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Crohn's Disease Forum » Treatment » 5-ASA/Mesalamine » Asacol - does it stain stool?


07-26-2012, 02:23 PM   #1
Sophia
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Asacol - does it stain stool?

Hi everyone,

I've been in remission since 2010, and I've taken Asacol the whole time until my specialist advised me to wean off it in Feb/March this year. Since then I've felt a gradual worsening of the symptoms, but not until last week did I see mucus in my stool again. I've rapidly gotten worse the last week, going from two normal bm's a day, to 7 so far today, four of them being only mucus and blood. My specialist put me back on Asacol yesterday, and today the mucus has changed colour from clear to brown-red! At first I obviously thought I was bleeding much more, but tonight I started thinking - could it be the Asacol staining the mucus? Maybe wishful thinking...? Please, do any of you have experience with this? I only found threads relating to Asacol staining pee, which I haven't noticed at all.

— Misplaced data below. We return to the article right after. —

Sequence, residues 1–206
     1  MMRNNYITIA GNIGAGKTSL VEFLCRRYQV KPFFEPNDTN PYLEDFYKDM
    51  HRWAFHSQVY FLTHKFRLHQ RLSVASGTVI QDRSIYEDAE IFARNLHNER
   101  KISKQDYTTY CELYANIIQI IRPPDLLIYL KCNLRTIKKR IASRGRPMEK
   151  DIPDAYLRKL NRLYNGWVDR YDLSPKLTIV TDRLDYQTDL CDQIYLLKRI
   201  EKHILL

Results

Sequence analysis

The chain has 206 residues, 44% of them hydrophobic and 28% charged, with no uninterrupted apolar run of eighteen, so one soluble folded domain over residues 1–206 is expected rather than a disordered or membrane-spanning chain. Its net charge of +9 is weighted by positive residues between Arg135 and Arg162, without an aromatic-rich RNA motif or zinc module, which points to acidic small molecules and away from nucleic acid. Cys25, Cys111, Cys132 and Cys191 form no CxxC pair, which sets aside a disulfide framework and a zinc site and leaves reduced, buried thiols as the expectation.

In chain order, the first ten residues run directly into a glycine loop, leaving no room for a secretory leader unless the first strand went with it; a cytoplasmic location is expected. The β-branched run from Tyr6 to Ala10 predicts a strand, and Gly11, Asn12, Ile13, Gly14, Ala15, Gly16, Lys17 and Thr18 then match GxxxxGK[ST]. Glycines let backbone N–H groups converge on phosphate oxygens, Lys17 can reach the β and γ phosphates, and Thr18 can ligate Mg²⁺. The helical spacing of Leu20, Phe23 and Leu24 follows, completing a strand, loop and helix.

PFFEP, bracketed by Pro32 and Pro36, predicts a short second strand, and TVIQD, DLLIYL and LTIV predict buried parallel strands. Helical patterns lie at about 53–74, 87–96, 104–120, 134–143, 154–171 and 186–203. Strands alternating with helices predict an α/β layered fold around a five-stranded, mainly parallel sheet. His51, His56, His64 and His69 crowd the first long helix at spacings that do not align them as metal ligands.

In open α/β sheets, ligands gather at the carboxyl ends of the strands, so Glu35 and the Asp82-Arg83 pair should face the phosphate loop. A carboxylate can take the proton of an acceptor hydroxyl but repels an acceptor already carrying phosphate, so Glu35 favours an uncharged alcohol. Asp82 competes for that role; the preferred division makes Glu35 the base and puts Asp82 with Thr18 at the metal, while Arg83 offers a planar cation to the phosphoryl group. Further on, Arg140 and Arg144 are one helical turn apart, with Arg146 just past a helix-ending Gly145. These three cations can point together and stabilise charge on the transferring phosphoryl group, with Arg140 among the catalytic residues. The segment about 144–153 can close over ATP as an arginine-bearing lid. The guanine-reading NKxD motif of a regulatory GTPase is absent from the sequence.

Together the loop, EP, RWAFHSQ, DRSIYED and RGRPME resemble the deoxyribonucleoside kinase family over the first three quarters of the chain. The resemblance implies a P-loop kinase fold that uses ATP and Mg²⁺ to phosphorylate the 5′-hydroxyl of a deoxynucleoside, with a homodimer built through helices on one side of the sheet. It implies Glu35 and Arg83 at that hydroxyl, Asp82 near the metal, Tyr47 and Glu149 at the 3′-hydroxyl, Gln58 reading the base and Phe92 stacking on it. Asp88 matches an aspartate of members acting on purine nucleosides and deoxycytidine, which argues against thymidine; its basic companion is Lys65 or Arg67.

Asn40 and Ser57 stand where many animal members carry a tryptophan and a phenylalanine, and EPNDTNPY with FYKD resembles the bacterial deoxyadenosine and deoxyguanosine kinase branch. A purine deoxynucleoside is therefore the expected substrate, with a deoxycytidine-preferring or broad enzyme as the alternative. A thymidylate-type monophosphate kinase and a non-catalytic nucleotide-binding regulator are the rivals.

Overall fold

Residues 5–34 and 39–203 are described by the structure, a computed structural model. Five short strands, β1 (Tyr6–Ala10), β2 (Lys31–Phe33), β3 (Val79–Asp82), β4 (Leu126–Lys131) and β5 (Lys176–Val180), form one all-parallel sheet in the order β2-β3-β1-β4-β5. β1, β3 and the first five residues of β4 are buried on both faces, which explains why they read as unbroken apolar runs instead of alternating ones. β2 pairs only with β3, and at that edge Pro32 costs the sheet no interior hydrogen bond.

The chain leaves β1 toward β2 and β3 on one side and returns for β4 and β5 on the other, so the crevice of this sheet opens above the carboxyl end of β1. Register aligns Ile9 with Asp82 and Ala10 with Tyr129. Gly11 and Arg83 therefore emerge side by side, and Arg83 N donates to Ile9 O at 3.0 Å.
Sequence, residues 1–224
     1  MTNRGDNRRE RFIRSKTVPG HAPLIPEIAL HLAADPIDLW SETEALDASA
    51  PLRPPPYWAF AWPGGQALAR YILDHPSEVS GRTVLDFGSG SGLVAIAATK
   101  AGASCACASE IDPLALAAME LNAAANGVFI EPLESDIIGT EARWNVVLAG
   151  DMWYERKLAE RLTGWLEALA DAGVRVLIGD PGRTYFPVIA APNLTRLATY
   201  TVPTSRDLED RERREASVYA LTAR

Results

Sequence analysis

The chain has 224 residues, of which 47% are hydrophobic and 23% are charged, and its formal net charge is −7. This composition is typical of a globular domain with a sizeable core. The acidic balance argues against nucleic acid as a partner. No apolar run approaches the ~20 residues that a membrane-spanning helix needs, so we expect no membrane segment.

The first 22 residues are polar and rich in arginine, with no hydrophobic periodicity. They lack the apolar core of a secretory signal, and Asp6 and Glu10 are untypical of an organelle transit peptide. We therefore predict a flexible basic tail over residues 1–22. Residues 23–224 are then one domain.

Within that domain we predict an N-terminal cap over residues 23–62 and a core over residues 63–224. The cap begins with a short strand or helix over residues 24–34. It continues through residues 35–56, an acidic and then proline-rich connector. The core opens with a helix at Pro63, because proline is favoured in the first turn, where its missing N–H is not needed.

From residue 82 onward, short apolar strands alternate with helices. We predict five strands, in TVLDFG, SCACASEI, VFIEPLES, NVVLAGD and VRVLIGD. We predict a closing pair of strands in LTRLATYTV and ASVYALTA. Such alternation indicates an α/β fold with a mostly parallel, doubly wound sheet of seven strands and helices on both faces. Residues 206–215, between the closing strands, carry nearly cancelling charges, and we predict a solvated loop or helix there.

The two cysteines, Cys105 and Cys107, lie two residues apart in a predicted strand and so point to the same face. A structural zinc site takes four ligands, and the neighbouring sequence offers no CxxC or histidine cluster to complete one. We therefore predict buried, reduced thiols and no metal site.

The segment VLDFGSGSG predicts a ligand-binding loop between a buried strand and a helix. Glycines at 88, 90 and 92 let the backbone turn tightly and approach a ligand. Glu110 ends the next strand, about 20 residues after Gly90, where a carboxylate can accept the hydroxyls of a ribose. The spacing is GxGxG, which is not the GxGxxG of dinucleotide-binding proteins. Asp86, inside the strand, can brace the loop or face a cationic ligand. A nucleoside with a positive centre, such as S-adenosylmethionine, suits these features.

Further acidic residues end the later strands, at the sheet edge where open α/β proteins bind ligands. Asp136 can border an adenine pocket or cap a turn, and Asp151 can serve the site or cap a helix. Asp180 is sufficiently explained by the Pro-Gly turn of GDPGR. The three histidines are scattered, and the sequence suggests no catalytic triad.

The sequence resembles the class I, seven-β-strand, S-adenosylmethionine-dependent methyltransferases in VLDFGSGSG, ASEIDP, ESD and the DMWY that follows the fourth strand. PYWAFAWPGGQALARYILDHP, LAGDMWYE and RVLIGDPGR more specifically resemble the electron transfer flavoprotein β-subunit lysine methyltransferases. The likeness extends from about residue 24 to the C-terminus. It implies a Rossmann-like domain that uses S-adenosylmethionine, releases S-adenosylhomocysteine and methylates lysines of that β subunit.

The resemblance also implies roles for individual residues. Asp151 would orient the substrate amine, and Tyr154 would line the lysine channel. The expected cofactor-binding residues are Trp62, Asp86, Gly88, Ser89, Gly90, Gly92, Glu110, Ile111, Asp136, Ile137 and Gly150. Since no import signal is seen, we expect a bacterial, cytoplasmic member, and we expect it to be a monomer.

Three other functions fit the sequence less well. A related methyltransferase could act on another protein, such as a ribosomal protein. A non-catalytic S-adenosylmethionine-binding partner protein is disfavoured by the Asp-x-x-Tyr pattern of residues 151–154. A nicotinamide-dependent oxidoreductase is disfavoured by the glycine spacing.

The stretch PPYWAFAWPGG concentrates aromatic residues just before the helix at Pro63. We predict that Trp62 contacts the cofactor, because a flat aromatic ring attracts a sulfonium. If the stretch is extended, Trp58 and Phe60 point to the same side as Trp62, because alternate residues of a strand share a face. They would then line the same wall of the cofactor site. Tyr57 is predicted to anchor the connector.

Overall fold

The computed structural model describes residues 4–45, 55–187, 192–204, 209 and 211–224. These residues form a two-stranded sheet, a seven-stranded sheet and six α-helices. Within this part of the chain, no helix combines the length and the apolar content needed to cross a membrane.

I'm sorry if I've grossed you all out... IBDs are such shitty diseases!
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07-27-2012, 04:33 AM   #2
Z_Ghost
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Not sure about Asacol staining the poo, it does stain my pee.
Most times my poo is light brown, unless I am having diarrhea and I have blood or mucus in it.
Sorry can not be more help.
07-29-2012, 07:10 PM   #3
Jennifer
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Mucus can be from a milky white, yellow or clear in general so my guess is that you're dealing with bloody mucus. What has your GI said about it? Do you know where you're bleeding from and what's causing the bleeding exactly? It sounds like weaning off the Asacol forced you into a flare (hence why maintenance meds are meant to be taken indefinitely) so at this point its unknown if Asacol on its own will be enough. Hopefully your GI is ordering tests to see what's really going on in there right now.
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07-29-2012, 09:46 PM   #4